3.3 Hardening

Rooted plants with shoot length of 6 cm were transferred from culture bottles into plastic cups containing mixture of cocopit and sand. These hardened plants have been transfer in the soil after 21 days of hardening in the polycarbonate house with humidity controller. Ghive et al.(2006) used soil rite: cocopit (3:1) while Jadhav et al. (2015) used polythene bags containing sand, soil and FYM in 1:2:1 ratio, rather we had used only simple and cheap media for primary hardening purpose (Figure 4). This is close to highest reported 85 % survival of female x female clones of M. dioica (Hoque et al., 2007).

Conclusion

In the present investigation, NAA (1mg/l) and BA (1mg/l) adding together to induced vigorous and healthy shoots with highest shoot length. The half strength MS medium with IBA (2mg/l) gave very good response for rooting. The rooted plant was transferred to the soil for better acclimatization. This is a viable and commercial protocol for mass multiplication of spine gourd.

Acknowledgement

 Authors are thankful to Department of plant molecular biology and biotechnology, ASPEE college of Horticulture and Forestry, Navsari Agriculture University for their support and provide laboratory facilities.

Conflict of Interest

 Authors would hereby like to declare that there is no conflict of interests that could possibly arise.

REFERENCES

Ajithkumar D, Seeni S (1998) Rapid Clonal multiplication through in vitro axillary shoots proliferation of Aegle marmelos (L.) Corr., a medicinal tree. Plant Cell Reports 17: 422–426.

Andrade LB, Echeverrigaray S, Fracaro F, Pauletti GF, Rota L (1999) The effect of growth regulators on shoot propagation and rooting of common lavender (Lavandula vera DC). Plant Cell, Tissue and Organ Culture 56: 79–83.

Bharathi LK, Naik G, Singh HS, Dora DK (2007) Spine gourd. In: Peter KV (Ed.) Underutilized and underexploited horticultural crops. New Delhi: New India Publishing; 2007. pp. 289–295.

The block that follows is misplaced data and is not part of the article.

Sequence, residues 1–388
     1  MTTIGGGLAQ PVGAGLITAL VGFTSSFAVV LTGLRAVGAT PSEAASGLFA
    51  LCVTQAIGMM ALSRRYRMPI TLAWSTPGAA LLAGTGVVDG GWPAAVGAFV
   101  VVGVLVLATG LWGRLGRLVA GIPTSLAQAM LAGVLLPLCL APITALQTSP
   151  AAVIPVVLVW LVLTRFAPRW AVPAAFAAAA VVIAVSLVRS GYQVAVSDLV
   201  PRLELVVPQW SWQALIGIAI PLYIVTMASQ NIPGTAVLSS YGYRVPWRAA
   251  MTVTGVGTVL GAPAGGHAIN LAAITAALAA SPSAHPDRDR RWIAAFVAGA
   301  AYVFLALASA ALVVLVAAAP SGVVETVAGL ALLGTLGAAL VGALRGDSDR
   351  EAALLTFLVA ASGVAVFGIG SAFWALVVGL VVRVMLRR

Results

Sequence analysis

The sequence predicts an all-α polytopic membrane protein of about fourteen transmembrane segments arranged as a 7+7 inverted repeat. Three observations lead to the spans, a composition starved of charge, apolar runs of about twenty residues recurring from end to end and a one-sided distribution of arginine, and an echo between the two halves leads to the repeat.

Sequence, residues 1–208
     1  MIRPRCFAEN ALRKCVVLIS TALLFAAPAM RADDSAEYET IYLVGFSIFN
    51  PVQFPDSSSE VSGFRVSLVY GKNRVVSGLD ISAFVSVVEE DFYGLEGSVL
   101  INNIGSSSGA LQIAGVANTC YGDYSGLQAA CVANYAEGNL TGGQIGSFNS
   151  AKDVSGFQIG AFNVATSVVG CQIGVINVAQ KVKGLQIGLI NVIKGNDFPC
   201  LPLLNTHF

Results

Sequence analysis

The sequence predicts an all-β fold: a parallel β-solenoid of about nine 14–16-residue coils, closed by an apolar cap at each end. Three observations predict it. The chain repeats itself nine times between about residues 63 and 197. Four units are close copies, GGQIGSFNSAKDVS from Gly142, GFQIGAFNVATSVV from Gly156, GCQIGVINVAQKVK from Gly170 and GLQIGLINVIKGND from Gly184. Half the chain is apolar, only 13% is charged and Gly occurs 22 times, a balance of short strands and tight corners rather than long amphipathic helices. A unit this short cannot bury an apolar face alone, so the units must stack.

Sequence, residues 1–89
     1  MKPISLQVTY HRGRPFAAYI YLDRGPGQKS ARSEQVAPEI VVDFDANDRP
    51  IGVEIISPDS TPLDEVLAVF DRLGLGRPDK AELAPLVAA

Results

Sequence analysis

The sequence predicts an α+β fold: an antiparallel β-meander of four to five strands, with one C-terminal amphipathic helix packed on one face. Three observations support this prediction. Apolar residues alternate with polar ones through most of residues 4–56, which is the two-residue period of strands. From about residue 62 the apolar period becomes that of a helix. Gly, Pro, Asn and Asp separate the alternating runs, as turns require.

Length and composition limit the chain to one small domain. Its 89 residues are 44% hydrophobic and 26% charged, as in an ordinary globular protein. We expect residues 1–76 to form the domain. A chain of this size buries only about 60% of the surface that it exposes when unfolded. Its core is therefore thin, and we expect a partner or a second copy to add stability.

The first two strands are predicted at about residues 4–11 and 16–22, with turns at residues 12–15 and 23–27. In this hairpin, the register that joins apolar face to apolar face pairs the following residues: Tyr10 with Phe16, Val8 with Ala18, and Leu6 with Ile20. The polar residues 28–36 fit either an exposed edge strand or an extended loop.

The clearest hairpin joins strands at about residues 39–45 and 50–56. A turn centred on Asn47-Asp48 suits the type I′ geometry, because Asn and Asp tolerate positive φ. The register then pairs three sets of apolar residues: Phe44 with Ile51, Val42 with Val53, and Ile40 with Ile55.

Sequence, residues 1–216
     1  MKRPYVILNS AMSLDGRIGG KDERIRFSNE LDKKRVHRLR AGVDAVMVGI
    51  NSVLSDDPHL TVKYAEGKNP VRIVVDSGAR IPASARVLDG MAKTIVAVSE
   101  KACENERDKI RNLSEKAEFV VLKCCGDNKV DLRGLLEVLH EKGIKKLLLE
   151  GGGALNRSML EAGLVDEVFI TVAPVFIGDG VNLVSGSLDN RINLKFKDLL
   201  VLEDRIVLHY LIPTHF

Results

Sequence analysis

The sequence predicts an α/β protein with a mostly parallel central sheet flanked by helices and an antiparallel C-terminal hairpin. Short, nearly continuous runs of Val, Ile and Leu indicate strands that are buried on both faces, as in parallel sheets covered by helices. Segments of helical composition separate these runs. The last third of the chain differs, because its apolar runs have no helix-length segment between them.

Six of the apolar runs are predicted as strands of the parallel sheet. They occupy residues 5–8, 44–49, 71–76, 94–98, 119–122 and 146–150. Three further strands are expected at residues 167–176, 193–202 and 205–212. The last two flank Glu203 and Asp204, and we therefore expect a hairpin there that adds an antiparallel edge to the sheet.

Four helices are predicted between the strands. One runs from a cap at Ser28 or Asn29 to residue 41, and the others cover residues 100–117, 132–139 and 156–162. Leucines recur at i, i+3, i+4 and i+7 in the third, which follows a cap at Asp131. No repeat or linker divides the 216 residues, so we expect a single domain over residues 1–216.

Bopana N, Saxena S (2008) In vitro propagation of a high value medicinal plant: Asparagus racemosus Willd. In Vitro Cellular & Developmental Biology - Plant 44:525–532.

Driver JA, Suttle GRL (1987) Nursery handling of propagules. In: Bonga JM, Durzan DJ (Eds) Cell and tissue culture in forestry, vol 2. Martinus Nijhoff, Boston, Pp 320–335.

Ghive D, Raut NW, Ghorade RB (2006) Tissue culture studies in spine gourd (Momordica dioca Roxb.). International Journal of Plant Sciences 1: 266-268.

Hoque A, Hossain M, Alam S, Arima S, Islam R (2007) Adventitious shoot regeneration from immature embryo explant obtained from female × female Momordica dioica. Plant Tissue Culture and Biotechnology 17:29–36.

Hoque A, Islam R, Arima S (2000) High frequency plant regeneration from cotyledon-derived callus of Momordica dioica (Roxb.) Willd. Phytomorphology 50:267–272.

Hoque A, Islam R, Joarder OI (1995) In vitro plantlets differentiation in kakrol (Momordica dioica Roxb.). Plant Tissue Culture 5:119–124.

Jadhav S, Parmar LD, Chauhan RM (2015) Response of spine gourd genotypes (Momordica dioica Roxb.) to micropropagation. Agrotechnology 4. http://dx.doi.org/10.4172/2168-9881.S1.016.

Karim MA, Ahmed SU (2010) Somatic embryogenesis and micropropagation in teasle gourd. International Journal of Environmental Science and Development 1:10–14.

Mohammad AK, Shorif UA (2010) Somatic embryogenesis and micropropagation in Teasle Gourd, International Journal of Environmental Science and Development.  Environmental Science and Development 1:10-14.

Mondal A, Ghosh GP, Zuberi MI (2006) Phylogenetic relationship in different kakrol collections of Bangladesh. Pakistan Journal of Biological Sciences 9:1516–1524.

Murashige T, Skoog F (1962) A Revised Medium for Rapid Growth and Bio Assays with Tobacco Tissue Cultures. Physiologia Plantarum 15: 473–497.

Nabi SA, Rashid MM, Al-Amin M, Rasul MG (2002) Organogenesis in teasle gourd (Momordica dioica Roxb.). Plant tissue culture 12: 173-180.

Patel M, Ishnava KB (2015) Momordica dioica Roxb. (Spine Gourd): Multiple shoot induction from nodal cultures and its antidiabetic activity. Journal of Medicinal Plants Studies 3: 82-88.

Rai G, Singh M, Rai N, Bhardwaj D, Kumar S  (2012) In vitro propagation of spine gourd (Momordica dioica Roxb.) and assessment of genetic fidelity of micropropagated plants using RAPD analysis. Physiology and Molecular Biology of Plants 18 : 273-280.

Raju S, Chithakari R, Bylla P, Mustafa Md, (2015) Molecular confirmation of sex in regenerated plantlets of spine gourd (Momordica dioica Roxb. Ex. wild) by using rapd markers. Journal of Experimental Biology and Agricultural Sciences 3: 408-414.

Ram D, Banerjee MK, Pandey S, Srivastava U (2001) Collection and evaluation of Kartoli (Momordica dioica Roxb. Ex.Willd.). Indian Journal of Plant Genet Resource 14:114–116.

Trivedi RN, Roy RP (1972) Cytological studies in some species of Momordica. Genetica 43: 282–291.

 

Users Online: 22
Editorial Board
Indexed & Listed In
Track manuscript
Manuscript Statistics
Articles Statistics
Publication Statistics